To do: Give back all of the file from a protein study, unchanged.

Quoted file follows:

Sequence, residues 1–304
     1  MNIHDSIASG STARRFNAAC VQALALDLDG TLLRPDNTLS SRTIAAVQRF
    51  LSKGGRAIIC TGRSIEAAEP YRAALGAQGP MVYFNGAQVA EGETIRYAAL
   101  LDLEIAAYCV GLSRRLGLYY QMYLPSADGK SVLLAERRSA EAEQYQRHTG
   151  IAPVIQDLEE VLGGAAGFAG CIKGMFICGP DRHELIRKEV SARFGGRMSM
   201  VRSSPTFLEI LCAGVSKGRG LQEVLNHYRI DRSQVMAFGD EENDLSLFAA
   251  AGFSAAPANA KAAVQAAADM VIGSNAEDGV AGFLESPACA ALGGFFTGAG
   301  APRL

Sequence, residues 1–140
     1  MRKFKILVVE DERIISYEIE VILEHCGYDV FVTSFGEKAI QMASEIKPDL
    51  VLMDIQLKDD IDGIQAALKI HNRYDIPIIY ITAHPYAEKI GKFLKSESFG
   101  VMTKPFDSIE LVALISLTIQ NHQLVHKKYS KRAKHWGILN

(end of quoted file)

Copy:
Sequence, residues 1–304
     1  MNIHDSIASG STARRFNAAC VQALALDLDG TLLRPDNTLS SRTIAAVQRF
    51  LSKGGRAIIC TGRSIEAAEP YRAALGAQGP MVYFNGAQVA EGETIRYAAL
   101  LDLEIAAYCV GLSRRLGLYY QMYLPSADGK SVLLAERRSA EAEQYQRHTG
   151  IAPVIQDLEE VLGGAAGFAG CIKGMFICGP DRHELIRKEV SARFGGRMSM
   201  VRSSPTFLEI LCAGVSKGRG LQEVLNHYRI DRSQVMAFGD EENDLSLFAA
   251  AGFSAAPANA KAAVQAAADM VIGSNAEDGV AGFLESPACA ALGGFFTGAG
   301  APRL

Sequence, residues 1–140
     1  MRKFKILVVE DERIISYEIE VILEHCGYDV FVTSFGEKAI QMASEIKPDL
    51  VLMDIQLKDD IDGIQAALKI HNRYDIPIIY ITAHPYAEKI GKFLKSESFG
   101  VMTKPFDSIE LVALISLTIQ NHQLVHKKYS KRAKHWGILN